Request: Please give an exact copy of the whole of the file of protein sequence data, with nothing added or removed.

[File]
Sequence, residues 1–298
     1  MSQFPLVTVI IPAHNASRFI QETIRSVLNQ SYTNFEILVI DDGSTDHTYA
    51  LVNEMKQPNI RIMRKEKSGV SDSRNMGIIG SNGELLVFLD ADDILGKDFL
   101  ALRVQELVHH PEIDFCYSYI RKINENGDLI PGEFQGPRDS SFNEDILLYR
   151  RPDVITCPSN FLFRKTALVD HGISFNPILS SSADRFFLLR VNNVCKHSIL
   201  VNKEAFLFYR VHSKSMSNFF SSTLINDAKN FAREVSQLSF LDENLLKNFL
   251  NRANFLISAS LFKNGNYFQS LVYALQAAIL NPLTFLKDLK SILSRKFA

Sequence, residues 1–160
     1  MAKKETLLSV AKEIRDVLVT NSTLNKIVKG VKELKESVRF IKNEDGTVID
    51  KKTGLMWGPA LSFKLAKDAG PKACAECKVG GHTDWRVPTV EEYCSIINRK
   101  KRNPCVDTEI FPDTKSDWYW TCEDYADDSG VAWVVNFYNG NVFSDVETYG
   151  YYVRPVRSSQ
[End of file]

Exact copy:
Sequence, residues 1–298
     1  MSQFPLVTVI IPAHNASRFI QETIRSVLNQ SYTNFEILVI DDGSTDHTYA
    51  LVNEMKQPNI RIMRKEKSGV SDSRNMGIIG SNGELLVFLD ADDILGKDFL
   101  ALRVQELVHH PEIDFCYSYI RKINENGDLI PGEFQGPRDS SFNEDILLYR
   151  RPDVITCPSN FLFRKTALVD HGISFNPILS SSADRFFLLR VNNVCKHSIL
   201  VNKEAFLFYR VHSKSMSNFF SSTLINDAKN FAREVSQLSF LDENLLKNFL
   251  NRANFLISAS LFKNGNYFQS LVYALQAAIL NPLTFLKDLK SILSRKFA

Sequence, residues 1–160
     1  MAKKETLLSV AKEIRDVLVT NSTLNKIVKG VKELKESVRF IKNEDGTVID
    51  KKTGLMWGPA LSFKLAKDAG PKACAECKVG GHTDWRVPTV EEYCSIINRK
   101  KRNPCVDTEI FPDTKSDWYW TCEDYADDSG VAWVVNFYNG NVFSDVETYG
   151  YYVRPVRSSQ